DE: There are a couple of things happening. One approach is that you slave everything off the phone, so the car itself doesn’t actually have any mobile data on it, and when it gets near a phone, the phone takes over for you — so that’s one way around it.
There’s also something happening where manufacturers are actually getting the telcos to do special deals on SIM cards, where it’s a very low volume of data over five years or something, and it’s prepaid, so at the point of manufacture, you actually get a very simple data plan. That’s another way to do it.
Then the third approach, which is quite an intriguing one, is that there are companies like Taggle, which is actually an Aussie company. They’re saying what we need is 0.5G, which is a very low bandwidth, very low cost and very widespread network for all these millions of devices which don’t say much very often, but you want them connected and you want to know where they are. Taggle’s actually building entirely new infrastructure that will allow you to locate things like water meters, and tags on sheep, and stuff like that.
SE: So, really, what you’re talking about is sensor networks. Would these run over licensed radio frequencies like the mobile networks do, or would they be looking at potentially using the class licensed “free” bands or both?
DE: Well, obviously, wherever possible, they’d use class licensed bands, but it’s a very, very tiny amount of spectrum because it doesn’t need much bandwidth.
The other issue for these very large numbers of devices is battery life. You don’t want to be plugging these things into power points. You don’t want to be recharging batteries. You want something which extremely low power, and 3G and 4G tech is actually fairly high-power. This makes the case for an alternative infrastructure, which is specifically designed for some of these devices.
The other clever thing I’ve seen, which may work very well, is that you have an intermediate system where you have a gateway to the same 3G, 4G network, which is a device which has a very big battery and maybe is a bit more expensive. But, it’s got a very low-power radio interface and it can basically act as a catchment for thousands and thousands of very low-powered devices using a special radio protocol that’s designed for low-power-distributed devices.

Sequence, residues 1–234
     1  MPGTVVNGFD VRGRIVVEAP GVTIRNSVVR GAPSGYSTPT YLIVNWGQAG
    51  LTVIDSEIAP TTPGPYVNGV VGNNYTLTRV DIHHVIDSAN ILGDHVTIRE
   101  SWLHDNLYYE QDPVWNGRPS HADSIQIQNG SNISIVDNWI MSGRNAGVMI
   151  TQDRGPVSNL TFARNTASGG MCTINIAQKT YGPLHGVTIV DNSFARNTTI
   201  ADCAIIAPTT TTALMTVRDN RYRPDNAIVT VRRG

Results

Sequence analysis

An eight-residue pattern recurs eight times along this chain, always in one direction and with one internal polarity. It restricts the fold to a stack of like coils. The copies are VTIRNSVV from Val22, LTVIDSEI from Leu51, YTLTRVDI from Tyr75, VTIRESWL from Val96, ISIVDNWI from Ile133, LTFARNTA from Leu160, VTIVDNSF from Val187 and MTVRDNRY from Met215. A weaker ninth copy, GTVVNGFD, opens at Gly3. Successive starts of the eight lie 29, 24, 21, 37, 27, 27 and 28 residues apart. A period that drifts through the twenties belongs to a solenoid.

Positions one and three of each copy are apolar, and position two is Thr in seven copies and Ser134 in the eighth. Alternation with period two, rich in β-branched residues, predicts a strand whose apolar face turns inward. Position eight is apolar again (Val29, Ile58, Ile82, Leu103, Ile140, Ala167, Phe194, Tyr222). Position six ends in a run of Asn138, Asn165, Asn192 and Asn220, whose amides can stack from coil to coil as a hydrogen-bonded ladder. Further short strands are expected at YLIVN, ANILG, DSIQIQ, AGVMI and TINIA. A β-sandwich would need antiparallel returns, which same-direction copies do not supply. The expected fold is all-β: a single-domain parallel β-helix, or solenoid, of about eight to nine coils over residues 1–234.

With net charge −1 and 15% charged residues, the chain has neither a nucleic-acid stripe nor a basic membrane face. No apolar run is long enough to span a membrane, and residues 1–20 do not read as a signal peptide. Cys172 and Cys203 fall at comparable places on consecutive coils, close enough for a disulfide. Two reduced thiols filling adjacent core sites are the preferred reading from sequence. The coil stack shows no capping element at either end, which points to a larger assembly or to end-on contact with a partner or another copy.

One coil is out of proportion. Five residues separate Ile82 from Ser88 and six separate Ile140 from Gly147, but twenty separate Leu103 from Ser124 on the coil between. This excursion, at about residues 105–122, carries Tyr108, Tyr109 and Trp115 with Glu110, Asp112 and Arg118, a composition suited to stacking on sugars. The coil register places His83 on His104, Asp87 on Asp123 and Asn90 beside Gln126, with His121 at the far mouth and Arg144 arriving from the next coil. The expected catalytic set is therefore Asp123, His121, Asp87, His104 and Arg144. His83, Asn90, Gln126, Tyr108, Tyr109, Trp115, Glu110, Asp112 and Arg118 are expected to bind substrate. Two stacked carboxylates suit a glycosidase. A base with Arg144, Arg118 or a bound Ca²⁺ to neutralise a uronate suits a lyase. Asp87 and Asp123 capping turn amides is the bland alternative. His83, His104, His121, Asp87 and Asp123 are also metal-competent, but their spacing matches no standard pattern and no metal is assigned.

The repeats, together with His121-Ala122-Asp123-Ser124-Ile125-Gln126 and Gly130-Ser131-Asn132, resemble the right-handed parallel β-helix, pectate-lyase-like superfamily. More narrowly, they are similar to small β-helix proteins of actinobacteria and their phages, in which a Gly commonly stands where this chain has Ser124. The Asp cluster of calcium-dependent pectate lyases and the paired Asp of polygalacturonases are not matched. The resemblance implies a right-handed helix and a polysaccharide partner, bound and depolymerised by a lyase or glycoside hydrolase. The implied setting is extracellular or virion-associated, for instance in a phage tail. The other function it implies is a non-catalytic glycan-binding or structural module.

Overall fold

SE: Would these devices have a relatively short-distance connectivity radius, as opposed to today’s mobile phones that can connect to towers many kilometres away?
DE: There was actually a French company that came to visit us, an interesting one. They build these devices, which are basically wireless gateways. On one side, it looks like a 3G or 4G data device, but on the other, it’s got a special low-power wireless network. The coverage for these devices is a one or two kilometres radius in a built-up area. They were showing how they could carpet Tokyo with about 200 devices, which is not really very many for 36 million people.
SE: No, not at all. I’m trying to imagine this in, let’s say, an agriculture deployment. You mentioned sheep or cows. What kind of distance would the devices cover in a completely rural environment where there might not be much in the way of interference?
DE: I’m not an expert on that, but wireless goes a long way if there’s no water and it’s flat.
SE: Yes, exactly. I’m also trying to imagine logistics and from changing out batteries and tags that are all on livestock. That would be a nightmare, so a very long battery life would certainly be a prerequisite for deploying those types of sensors.
Wearable and Ingestible Devices
Let’s move back to the area of wearable devices for people, as opposed to things. What do you see happening in that field?
DE: Well, this is a field that’s exploding. I think we’re just coming to terms with what’s going to be useful. Clearly, a device like a watch has been acceptable for a long time, so whatever we can pack into the watch is going to be a good thing.
I think something like Google Glass is great. I think we need something for audio that is going to be not very obtrusive and I think will be a very good interface. But I don’t want to talk about that too much because I might give someone a good idea. But I do think audio is really under utilised and it’s already something we wear a lot, so let’s see how that one pans out.